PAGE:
John Lackland

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John Lackland was an Angevin king of England (1199-1216 AD) and was brother to his predecessor, Richard I (who made him Count of Mortain). He had many failures, losing his French territories (hence the nickname "Lackland" or "Sans Terre"), being excommunicated by the Pope and being forced to ratify the Magna Carta. He is also known as the Prince John of the Robin Hood stories (and almost certainly was responsible for trying to filch Richard's ransom money) and didn't have a good reputation with his populace. However, he did manage to maintain a number of the reforms instituted by his father, Henry II.

He married twice. First to Isabella (also known, variously, as Avice or Advisa, Hawise, Joan and Eleanor), daughter of William, Earl of Gloucester, with no children. Second to the 12-year-old Isabella daughter of Aymer Taillefer, Count of Angouleme, with whom he had children Henry, Richard, Isabella & Eleanor. He also had an illegitimate daughter, Joan, whom he married to Llewelyn the Great of Wales, thereby initiating the English claim to sovereignty over Wales.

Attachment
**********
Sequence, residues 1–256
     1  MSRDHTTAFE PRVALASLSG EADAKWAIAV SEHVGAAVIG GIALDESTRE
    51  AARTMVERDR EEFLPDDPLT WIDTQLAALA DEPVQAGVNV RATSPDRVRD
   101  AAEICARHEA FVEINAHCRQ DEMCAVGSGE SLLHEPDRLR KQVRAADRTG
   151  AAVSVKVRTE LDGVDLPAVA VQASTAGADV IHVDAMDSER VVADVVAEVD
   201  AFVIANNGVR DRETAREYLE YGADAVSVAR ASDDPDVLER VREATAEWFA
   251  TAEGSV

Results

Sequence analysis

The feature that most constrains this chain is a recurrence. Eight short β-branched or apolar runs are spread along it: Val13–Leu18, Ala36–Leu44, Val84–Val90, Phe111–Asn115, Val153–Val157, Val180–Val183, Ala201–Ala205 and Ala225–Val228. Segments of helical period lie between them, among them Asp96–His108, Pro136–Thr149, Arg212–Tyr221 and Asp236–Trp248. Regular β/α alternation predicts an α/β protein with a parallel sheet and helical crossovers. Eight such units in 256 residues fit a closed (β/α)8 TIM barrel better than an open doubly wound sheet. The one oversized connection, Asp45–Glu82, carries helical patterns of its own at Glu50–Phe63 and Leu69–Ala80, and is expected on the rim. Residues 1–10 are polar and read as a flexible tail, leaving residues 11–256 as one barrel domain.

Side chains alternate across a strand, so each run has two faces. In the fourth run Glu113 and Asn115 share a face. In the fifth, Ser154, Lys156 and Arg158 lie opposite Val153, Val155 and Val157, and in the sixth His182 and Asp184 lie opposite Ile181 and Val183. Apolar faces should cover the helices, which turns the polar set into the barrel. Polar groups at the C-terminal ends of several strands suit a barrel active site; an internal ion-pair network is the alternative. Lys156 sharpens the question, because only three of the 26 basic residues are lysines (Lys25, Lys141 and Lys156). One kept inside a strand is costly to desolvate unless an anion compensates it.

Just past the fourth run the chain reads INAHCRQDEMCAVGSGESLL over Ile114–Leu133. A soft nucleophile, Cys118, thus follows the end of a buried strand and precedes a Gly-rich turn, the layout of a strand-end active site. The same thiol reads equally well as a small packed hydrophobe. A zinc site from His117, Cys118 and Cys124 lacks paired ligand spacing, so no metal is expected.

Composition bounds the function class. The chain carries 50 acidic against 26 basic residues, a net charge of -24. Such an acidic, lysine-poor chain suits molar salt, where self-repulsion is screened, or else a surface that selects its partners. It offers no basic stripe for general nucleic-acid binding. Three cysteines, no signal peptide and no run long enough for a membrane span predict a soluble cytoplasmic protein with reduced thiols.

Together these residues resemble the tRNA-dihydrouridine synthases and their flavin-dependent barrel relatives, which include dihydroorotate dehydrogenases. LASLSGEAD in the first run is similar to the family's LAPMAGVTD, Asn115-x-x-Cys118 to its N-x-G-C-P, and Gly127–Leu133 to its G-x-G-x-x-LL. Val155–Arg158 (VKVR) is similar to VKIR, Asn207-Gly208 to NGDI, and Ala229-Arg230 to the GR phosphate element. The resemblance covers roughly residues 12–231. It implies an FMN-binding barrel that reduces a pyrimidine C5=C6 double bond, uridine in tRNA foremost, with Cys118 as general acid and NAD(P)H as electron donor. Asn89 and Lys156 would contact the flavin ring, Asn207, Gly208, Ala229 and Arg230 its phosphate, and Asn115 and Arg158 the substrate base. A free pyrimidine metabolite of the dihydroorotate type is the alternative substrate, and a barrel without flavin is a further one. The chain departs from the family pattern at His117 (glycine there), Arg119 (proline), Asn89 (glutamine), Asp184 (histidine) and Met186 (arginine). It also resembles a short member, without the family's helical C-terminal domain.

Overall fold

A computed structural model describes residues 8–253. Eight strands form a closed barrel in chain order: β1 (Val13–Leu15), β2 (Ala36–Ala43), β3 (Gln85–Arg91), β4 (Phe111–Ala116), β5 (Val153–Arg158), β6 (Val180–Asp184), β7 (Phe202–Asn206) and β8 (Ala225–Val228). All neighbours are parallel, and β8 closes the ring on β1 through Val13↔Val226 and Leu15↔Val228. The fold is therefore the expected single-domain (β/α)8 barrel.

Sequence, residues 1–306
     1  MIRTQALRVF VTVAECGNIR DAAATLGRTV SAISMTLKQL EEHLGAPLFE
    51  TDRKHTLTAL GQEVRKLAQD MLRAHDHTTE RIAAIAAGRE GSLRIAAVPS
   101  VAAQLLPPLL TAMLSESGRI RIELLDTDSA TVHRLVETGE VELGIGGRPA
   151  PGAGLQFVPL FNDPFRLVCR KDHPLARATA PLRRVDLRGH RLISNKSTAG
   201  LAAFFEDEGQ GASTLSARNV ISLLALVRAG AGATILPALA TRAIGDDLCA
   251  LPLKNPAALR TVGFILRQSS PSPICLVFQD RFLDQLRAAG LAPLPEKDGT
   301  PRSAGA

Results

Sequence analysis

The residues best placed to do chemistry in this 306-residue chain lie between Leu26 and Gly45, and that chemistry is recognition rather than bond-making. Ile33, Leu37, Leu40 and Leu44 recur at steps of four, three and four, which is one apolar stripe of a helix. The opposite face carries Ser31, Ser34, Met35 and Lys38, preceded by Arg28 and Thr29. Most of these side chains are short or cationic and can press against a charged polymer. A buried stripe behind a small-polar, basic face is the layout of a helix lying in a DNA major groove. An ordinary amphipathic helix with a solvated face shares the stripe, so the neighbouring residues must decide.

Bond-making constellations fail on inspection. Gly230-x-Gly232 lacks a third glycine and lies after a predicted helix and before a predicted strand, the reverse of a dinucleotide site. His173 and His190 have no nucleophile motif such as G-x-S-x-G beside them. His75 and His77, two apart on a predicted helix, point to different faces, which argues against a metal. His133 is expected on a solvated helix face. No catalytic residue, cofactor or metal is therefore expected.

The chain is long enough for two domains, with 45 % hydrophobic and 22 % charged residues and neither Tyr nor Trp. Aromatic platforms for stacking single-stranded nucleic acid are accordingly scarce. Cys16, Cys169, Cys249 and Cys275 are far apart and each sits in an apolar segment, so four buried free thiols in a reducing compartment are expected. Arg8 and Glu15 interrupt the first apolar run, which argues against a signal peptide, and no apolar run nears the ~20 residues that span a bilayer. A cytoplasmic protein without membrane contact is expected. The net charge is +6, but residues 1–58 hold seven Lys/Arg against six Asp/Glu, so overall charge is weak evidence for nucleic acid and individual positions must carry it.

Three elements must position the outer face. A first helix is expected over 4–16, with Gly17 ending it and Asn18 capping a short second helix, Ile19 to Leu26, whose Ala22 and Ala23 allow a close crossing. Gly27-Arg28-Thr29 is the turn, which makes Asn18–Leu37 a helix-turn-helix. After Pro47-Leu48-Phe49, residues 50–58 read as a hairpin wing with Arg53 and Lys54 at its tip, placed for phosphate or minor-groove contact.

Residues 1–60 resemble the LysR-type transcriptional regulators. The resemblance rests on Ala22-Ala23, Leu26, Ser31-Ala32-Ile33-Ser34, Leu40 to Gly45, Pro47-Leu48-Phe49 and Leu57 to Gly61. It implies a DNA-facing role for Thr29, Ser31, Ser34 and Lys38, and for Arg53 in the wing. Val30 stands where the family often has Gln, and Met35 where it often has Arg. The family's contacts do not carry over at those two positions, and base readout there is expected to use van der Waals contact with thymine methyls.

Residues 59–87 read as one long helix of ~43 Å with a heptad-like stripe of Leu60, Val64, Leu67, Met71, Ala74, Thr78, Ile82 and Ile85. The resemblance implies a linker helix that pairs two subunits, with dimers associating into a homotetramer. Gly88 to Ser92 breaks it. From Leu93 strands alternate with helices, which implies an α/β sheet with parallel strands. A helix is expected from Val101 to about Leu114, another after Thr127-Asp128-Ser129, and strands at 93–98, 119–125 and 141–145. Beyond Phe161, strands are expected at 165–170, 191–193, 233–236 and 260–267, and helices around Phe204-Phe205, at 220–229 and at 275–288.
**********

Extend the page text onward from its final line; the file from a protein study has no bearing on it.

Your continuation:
Indeed John seems to have had some problem with his seed-sowing. History also knows of a son Geoffrey, who died in 1205 old enough to be made lord of Perche and placed in nominal command of a small expedition into Poitou on John's behalf. Another son named John appears to have become a clerk in the see of Lincoln, and there was a Henry fitz-Roy who was given the Cornish lands of Robert Fitz Walter, married a minor heiress, and lived well into Henry III's reign, acknowledged as the King's brother, as well as a Richard (apparently born to a sister of Earl WIlliam de Warren) who was to marry a prominent heiress, Rohese of Dover, and become lord of the castle and barony of Chilham in Kent.

He was a loser if there ever was one. Not only was he plagued with the problems both he and Richard I created, but near the end of his life, his personal belongings were misplaced in a soggy bog called the Wash, between Norfolk and Lincolnshire. Hereafter, he is called "The King who lost his clothes in the Wash". It was reported that the Crown jewels also went down, but none of the locals ever reported finding them.

Preceded by:
Richard I

English Monarchs

Succeeded by:
Henry III